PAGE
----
Sheryl, Madeleine and I are up in the Japanese Alps now in the city of Matsumoto and environs. Matsumoto is famous for one of the great enduring samurai castles known as the Crow Castle for its black walls. The place seemed familiar to me as the location from some Kurosawa movie or other, possibly Ran, but I could be mistaken.
The interior was quite worth visiting with the usual compliment of bizarre torture weapons. An entire floor was hidden from outside view and had no windows. In this photo Sheryl and Madeleine are in the samurai arcade, which was built wide to accomodate their armor.
In the afternoon we took a train out to the suburban town of Hotaka to visit a wasabi farm – definitely heaven for your basic California sushi maven. Tasting the genuine article at the source (most wasabi in domestic sushi bars is not even wasabi, but dyed horseradish) was great fun. They make everything out of wasabi at this farm — chocolate wasabi (didn’t try), wasabi ice cream (Madeleine loved) and pickled wasabi (sensational). The wasabi root is grown in heavily irrigated, almost muddy, land with water maintained at 13 degrees centigrade year round. Wasabi is obviously delicate suff.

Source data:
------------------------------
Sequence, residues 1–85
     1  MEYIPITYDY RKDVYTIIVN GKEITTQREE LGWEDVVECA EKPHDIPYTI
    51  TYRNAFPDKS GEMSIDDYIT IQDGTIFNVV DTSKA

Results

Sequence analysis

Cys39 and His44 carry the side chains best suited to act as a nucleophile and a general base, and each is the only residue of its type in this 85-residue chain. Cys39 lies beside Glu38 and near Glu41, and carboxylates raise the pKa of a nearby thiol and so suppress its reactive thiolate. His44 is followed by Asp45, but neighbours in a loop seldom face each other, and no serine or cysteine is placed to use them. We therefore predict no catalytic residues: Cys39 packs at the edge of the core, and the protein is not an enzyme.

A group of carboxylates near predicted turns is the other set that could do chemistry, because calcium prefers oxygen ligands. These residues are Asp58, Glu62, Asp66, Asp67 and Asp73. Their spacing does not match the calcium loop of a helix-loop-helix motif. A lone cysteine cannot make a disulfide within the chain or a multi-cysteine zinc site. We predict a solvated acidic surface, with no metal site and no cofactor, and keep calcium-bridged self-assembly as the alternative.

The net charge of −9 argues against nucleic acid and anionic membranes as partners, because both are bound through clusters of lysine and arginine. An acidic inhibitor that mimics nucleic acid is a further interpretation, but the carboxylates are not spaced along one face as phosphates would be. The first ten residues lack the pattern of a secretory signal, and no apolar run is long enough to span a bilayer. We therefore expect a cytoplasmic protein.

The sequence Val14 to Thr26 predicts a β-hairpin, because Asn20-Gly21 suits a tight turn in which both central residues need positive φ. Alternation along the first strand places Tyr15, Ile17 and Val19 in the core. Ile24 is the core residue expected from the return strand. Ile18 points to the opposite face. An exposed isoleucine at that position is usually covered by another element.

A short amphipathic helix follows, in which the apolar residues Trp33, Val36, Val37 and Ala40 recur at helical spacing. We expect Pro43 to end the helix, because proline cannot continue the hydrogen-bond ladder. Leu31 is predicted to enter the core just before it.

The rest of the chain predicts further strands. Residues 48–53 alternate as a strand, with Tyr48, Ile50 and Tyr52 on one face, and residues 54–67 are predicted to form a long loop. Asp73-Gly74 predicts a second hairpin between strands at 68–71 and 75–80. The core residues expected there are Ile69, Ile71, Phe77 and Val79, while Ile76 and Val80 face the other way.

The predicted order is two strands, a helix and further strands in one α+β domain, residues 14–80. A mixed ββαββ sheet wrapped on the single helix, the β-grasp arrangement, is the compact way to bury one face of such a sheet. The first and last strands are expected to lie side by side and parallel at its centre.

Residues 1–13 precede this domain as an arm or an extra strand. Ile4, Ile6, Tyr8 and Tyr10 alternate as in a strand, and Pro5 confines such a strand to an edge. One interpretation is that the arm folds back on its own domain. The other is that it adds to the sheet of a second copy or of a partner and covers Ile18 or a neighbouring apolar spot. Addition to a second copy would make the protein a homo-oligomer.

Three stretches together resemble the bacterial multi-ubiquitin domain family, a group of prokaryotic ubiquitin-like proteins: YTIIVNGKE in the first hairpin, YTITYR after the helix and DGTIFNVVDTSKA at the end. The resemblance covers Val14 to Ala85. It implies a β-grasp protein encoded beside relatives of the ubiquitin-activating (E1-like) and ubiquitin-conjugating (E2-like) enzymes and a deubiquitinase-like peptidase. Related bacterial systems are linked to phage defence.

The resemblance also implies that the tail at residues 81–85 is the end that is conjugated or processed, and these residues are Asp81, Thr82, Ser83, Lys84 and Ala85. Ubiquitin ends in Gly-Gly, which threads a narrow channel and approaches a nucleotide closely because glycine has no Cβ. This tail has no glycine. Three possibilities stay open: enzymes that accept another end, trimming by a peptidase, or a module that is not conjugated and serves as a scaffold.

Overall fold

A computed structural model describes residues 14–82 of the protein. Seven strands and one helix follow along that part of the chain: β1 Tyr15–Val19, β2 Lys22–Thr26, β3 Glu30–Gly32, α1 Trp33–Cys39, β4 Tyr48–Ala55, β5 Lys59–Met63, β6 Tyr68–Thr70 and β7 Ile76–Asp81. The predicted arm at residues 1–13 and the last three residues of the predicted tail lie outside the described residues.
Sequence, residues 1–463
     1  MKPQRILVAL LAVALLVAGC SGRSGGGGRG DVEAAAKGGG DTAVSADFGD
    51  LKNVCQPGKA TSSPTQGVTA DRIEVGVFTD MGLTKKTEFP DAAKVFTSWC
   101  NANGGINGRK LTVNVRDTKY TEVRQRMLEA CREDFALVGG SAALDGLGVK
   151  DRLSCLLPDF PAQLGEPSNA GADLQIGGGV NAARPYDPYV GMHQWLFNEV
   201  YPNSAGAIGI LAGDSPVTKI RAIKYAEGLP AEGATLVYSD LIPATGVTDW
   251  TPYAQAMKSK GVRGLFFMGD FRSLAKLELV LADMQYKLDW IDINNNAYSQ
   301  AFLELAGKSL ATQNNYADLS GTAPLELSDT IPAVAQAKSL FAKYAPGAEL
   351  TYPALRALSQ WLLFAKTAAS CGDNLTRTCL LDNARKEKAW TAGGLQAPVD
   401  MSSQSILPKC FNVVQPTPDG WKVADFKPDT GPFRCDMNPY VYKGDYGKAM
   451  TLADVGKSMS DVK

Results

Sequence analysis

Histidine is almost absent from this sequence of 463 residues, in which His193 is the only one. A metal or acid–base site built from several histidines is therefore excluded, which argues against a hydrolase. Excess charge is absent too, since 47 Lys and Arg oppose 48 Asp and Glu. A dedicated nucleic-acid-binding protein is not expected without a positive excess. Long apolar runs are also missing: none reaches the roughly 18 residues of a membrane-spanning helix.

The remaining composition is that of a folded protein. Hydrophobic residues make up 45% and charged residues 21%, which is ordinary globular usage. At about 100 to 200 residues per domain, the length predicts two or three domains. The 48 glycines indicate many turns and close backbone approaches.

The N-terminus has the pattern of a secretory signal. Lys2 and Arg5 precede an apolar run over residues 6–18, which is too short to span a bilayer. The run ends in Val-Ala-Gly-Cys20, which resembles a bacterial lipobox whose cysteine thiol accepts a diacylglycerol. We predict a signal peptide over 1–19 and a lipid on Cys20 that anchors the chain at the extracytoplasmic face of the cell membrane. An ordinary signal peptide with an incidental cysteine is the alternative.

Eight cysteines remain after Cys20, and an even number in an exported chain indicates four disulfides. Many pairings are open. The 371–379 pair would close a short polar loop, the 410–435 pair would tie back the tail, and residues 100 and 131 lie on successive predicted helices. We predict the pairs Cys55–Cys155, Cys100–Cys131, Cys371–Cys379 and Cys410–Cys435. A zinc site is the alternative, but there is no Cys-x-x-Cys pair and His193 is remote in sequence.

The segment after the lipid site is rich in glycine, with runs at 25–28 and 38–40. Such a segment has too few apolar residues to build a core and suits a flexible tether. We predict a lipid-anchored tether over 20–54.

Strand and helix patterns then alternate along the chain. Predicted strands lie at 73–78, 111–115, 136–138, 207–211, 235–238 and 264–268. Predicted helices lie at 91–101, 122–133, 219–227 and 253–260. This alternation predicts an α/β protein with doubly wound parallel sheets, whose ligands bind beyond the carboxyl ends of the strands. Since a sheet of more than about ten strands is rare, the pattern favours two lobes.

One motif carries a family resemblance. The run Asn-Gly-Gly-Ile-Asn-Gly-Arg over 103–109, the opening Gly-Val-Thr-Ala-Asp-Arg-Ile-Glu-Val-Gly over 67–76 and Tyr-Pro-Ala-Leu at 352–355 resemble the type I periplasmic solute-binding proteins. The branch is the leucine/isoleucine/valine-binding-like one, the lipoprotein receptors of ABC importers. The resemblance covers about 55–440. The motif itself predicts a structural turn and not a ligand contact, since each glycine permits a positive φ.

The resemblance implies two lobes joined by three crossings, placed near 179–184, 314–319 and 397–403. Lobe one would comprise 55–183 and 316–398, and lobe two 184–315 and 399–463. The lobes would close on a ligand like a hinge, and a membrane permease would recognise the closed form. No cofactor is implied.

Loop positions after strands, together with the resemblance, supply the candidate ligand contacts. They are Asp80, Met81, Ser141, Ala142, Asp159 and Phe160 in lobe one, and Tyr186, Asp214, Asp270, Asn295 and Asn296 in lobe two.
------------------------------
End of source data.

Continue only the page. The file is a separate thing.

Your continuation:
The farm is a well-known attraction up here and there were a couple of hundred Japanese tourists wandering around, drinking wasabi beer, etc. Absolutely no Caucasians but us. Westerners just don’t seem to travel around rural Japan in any numbers. They are missing a fabulous experience. The people are very friendly and the country, of course, well organized with superb public transportation. All you need is a phrase book and a little patience if you mix up stations like Oyama and Omiya, get off at the wrong stop and miss your bullet train connection. [You did that?-ed? Nah, it’s just a rumor.]